It doesn't happen often, but I've had a couple of situations while out taking pictures of being stopped by a rent-a-cop and told that what I was doing is illegal. This led to a lot of research and a printed copy of Andrew Kantor's "Photographers Rights" being in my gear bag at all times. Yesterday, while I was out at Greystone Park Psychiatric Hospital, I was stopped by a real policeman and asked to stop. The big difference between the experiences with pseudo-cops and this one was that he was so much cooler than they were. No shrill "you can't do that" and demands that I delete (which I don't do, because it's not a requirement without a court order) or being followed while my camera is obviously capped, but rather he was helpful and even told me that if I contacted the main office, I might be able to get permission for a shoot. He was just a heck of a lot easier to contend with and even spoke a bit about being a hobbyist with a camera, himself. He mentioned that he felt that the building wasn't a good subject, because it was ugly and boarded up. At that point, I smiled, raised an eyebrow and said;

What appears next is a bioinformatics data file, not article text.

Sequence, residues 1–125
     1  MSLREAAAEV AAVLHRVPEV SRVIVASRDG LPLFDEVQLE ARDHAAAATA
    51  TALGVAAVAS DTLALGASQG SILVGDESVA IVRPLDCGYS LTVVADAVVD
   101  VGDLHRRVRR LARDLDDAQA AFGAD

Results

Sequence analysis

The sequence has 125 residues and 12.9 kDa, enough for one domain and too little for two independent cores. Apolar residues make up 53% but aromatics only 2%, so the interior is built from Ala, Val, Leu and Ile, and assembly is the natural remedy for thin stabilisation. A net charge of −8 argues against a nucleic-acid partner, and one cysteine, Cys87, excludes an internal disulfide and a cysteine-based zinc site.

"Not all photography is about beauty."
He sort of eyed me for a moment, with a look that said he thought I was crazy. The fact of the matter is, while I do tend to take pictures of flowers and the like, there are other things that make for interesting pictures. There have been a couple of times where I've seen old buildings, which were clearly once magnificent but have fallen victim to urban decay and they fascinate me. Greystone has the added factor of interesting and infamous history. I will most definitely be calling to ask permission, and if I get some decent shots, I might even make them Creative Commons and give them to Wikipedia, as the current shots there are less than optimal.
Further pictures can be seen in my galleries under Greystone Park Psychiatric. They aren't great, as I was stopped before I could get that "just right" picture.